Nagamani, S. C., Erez, A., Probst, F. J., Bader, P., Evans, P., Baker, L. A.,et al. (2012). Small genomic rearrangements involving FMR1 support the importance of its gene dosage for normal neurocognitive function. Neurogenetics 13, 333–339. doi: 10.1007/s10048-012-0340-y

Pubmed Abstract | Pubmed Full Text | CrossRef Full Text

Ramocki, M. B., and Zoghbi, H. Y. (2008). Failure of neuronal homeostasis results in common neuropsychiatric phenotypes. Nature 455, 912–918. doi: 10.1038/nature07457

Pubmed Abstract | Pubmed Full Text | CrossRef Full Text

Rylander-Rudqvist, T., Håkansson, N., Tybring, G., and Wolk, A. (2006). Quality and quantity of saliva DNA obtained from the self-administrated oragene method – a pilot study on the cohort of Swedish men. Cancer Epidemiol. Biomarkers Prev. 15, 1742–1745. doi: 10.1158/1055-9965.EPI-05-0706

Pubmed Abstract | Pubmed Full Text | CrossRef Full Text

Seltzer, M. M., Baker, M. W., Hong, J., Maenner, M., Greenberg, J., and Mandel, D. (2012). Prevalence of CGG expansions of the FMR1 gene in a US population-based sample. Am. J. Med. Genet. B Neuropsychiatr. Genet. 159, 589–597. doi: 10.1002/ajmg.b.32065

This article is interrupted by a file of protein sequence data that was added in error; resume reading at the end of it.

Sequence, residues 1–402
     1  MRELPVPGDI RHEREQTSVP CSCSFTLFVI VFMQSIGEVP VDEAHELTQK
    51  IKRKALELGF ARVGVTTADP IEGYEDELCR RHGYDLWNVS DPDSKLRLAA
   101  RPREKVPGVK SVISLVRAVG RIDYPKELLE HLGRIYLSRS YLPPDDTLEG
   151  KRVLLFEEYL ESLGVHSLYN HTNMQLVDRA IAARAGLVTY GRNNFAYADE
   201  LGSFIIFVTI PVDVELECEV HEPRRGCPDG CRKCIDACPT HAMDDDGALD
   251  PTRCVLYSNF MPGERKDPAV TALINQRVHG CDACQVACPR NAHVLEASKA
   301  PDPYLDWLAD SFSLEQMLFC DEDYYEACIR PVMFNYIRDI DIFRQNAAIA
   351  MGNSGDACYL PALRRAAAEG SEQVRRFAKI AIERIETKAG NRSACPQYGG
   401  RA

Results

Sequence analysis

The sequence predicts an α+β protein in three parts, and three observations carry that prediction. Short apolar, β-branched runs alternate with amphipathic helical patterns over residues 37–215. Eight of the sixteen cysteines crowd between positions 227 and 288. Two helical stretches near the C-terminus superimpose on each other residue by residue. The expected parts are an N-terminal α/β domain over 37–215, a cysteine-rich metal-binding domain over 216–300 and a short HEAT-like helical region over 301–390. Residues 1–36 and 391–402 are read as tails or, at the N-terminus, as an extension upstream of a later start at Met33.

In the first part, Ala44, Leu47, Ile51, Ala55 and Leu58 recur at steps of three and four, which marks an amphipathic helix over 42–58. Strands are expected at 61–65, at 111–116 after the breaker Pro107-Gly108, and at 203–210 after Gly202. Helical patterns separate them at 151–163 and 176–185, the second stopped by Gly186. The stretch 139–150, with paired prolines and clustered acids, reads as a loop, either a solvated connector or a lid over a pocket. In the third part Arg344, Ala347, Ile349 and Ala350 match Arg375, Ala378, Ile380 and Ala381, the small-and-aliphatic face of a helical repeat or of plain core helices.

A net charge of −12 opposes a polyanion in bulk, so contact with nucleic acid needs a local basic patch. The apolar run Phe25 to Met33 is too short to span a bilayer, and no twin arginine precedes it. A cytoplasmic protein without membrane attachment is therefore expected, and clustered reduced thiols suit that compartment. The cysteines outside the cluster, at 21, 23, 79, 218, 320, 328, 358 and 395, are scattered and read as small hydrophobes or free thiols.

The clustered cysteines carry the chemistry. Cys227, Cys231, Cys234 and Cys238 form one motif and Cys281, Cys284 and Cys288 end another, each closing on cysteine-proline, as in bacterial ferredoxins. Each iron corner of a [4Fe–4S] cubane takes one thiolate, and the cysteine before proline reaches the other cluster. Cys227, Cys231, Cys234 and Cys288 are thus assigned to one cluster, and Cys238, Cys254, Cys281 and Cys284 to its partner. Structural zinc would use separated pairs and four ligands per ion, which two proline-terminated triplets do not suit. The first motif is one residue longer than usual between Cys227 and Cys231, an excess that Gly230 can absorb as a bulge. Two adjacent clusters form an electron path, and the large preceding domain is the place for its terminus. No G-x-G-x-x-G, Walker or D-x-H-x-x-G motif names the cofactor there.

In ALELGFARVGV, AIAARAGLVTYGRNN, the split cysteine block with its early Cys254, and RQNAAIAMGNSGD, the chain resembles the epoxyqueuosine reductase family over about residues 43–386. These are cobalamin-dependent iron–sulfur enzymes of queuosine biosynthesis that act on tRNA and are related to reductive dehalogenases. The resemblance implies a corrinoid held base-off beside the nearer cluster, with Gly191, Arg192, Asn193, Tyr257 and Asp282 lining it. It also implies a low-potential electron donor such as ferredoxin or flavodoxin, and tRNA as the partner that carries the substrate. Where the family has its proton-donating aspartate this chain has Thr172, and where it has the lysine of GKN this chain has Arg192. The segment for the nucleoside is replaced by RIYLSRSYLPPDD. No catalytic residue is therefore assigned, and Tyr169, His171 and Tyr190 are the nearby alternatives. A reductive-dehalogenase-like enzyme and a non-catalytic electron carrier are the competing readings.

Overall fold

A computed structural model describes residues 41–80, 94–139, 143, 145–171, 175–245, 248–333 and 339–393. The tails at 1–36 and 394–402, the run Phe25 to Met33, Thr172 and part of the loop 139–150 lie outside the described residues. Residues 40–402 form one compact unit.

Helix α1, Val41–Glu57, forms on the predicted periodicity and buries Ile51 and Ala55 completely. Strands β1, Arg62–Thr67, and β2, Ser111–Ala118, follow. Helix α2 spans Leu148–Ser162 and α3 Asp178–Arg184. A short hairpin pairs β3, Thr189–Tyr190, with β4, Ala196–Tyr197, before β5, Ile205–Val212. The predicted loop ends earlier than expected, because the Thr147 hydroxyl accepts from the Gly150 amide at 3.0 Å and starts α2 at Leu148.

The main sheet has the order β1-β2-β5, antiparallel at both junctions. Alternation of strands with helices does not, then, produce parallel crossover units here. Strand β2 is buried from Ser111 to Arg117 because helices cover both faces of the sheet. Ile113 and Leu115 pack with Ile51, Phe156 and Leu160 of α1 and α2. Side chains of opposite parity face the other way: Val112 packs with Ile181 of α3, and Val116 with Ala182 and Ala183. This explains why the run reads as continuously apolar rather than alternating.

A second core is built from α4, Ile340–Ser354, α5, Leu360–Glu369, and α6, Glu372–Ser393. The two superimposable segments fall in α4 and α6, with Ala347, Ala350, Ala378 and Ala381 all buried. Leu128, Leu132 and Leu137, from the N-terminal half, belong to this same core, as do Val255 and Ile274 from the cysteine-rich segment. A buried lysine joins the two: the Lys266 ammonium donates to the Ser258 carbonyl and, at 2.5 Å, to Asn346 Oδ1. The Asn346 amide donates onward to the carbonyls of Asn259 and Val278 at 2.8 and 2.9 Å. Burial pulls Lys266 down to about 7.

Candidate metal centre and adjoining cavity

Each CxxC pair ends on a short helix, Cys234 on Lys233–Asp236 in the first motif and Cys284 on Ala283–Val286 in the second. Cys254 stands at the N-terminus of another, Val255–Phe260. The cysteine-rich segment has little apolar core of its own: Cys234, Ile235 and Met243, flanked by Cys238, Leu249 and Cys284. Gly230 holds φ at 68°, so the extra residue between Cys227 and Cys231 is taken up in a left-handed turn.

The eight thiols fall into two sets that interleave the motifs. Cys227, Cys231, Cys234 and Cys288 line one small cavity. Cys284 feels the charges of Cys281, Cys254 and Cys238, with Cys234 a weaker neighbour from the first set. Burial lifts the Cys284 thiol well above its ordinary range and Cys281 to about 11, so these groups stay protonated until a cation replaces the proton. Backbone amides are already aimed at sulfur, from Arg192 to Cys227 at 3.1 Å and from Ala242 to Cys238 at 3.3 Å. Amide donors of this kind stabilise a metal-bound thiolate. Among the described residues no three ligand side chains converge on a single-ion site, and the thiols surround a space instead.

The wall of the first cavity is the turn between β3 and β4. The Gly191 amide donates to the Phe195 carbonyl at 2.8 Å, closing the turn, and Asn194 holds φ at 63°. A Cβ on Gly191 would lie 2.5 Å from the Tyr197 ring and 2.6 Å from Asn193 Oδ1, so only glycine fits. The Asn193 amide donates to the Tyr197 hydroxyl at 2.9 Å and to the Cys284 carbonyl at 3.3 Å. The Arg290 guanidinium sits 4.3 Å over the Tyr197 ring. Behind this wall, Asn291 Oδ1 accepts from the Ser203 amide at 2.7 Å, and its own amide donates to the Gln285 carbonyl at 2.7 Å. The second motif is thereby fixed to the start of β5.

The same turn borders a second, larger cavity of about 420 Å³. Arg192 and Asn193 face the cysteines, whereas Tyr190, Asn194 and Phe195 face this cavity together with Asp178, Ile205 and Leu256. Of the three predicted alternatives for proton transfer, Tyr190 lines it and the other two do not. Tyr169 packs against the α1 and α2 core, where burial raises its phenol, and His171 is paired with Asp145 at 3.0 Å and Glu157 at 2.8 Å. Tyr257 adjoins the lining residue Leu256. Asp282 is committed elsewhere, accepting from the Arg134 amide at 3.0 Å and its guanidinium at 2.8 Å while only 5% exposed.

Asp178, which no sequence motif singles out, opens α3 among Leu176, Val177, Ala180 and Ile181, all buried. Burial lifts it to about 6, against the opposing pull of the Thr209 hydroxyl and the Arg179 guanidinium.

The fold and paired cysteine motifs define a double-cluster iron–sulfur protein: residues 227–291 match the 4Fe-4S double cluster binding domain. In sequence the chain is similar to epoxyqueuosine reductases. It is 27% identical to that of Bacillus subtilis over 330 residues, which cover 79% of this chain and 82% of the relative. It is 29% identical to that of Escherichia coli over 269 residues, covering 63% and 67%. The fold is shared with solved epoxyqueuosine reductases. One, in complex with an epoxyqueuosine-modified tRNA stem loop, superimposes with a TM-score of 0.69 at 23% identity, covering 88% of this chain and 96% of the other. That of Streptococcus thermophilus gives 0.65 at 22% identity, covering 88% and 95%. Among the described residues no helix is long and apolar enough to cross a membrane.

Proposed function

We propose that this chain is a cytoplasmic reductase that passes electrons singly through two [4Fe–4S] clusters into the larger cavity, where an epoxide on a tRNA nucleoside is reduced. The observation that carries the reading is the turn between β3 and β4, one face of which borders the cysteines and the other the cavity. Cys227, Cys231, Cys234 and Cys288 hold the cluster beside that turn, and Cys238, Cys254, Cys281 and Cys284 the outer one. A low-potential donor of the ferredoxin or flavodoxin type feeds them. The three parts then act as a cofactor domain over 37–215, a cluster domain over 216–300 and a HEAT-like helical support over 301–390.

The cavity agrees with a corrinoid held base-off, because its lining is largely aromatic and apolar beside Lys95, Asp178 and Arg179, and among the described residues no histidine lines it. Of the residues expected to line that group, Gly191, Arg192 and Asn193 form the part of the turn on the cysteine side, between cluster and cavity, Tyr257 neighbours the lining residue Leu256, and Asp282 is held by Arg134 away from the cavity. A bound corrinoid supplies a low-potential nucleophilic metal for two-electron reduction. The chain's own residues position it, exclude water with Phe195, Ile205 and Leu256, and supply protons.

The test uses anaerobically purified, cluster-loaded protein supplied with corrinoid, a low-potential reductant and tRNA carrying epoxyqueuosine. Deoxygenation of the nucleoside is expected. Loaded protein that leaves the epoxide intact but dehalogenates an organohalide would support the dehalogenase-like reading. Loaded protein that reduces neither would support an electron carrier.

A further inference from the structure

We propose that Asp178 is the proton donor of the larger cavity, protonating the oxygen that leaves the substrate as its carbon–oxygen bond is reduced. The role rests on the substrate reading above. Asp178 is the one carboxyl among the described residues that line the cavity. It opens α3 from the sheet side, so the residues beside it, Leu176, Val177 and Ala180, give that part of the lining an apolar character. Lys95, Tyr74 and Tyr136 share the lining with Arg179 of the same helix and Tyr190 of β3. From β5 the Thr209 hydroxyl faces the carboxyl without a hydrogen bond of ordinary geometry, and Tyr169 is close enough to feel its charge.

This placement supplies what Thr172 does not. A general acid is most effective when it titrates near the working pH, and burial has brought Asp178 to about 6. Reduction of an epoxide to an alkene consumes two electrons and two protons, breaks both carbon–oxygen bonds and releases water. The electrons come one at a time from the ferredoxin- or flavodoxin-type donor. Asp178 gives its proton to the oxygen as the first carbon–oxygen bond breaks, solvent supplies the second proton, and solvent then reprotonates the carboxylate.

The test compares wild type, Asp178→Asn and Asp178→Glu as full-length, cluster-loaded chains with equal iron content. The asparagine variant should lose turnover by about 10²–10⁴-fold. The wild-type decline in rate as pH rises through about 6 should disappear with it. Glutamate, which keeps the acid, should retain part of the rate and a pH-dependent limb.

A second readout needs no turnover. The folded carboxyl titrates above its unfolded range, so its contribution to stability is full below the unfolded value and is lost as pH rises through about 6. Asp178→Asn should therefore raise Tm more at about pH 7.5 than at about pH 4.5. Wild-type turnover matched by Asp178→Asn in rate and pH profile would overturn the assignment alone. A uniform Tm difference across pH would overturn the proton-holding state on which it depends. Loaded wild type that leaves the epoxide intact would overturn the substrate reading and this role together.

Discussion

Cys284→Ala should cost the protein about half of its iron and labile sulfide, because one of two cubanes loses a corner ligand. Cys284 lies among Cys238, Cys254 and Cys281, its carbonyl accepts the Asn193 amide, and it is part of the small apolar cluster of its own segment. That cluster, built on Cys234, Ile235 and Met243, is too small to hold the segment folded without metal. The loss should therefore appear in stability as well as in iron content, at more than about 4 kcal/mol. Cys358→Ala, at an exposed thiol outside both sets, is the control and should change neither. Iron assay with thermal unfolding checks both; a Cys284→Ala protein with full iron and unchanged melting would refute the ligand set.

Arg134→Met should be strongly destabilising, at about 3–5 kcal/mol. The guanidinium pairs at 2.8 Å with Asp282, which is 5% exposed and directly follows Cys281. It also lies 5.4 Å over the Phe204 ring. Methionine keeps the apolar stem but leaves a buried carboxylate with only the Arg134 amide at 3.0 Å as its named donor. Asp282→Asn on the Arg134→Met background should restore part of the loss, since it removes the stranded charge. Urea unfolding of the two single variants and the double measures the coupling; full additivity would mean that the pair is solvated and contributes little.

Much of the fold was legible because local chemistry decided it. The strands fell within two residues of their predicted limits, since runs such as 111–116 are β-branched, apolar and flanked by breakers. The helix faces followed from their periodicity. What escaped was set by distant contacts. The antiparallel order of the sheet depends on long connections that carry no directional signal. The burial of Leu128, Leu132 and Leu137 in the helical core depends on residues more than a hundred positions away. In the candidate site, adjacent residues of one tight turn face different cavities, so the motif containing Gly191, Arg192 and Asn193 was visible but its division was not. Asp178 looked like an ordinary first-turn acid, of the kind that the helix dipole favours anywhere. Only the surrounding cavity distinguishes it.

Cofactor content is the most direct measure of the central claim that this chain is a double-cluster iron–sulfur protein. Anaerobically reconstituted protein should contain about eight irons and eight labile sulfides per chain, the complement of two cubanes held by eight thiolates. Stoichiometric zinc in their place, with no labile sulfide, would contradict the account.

Pubmed Abstract | Pubmed Full Text | CrossRef Full Text

Seltzer, M. M., Floyd, F. J., Song, J., Greenberg, J. S., and Hong, J. (2011). Midlife and aging parents of adults with intellectual and developmental disabilities: impacts of lifelong parenting. Am. J. Intellect. Dev. Disabil. 116, 479–499. doi: 10.1352/1944-7558-116.6.479

Pubmed Abstract | Pubmed Full Text | CrossRef Full Text

Snow, K., Doud, L. K., Hagerman, R., Pergolizzi, R. G., Erster, S. H., and Thibodeau, S. N. (1993). Analysis of a CGG sequence at the FMR-1 locus in fragile X families and in the general population. Am. J. Hum. Genet. 53, 1217–1228.

Pubmed Abstract | Pubmed Full Text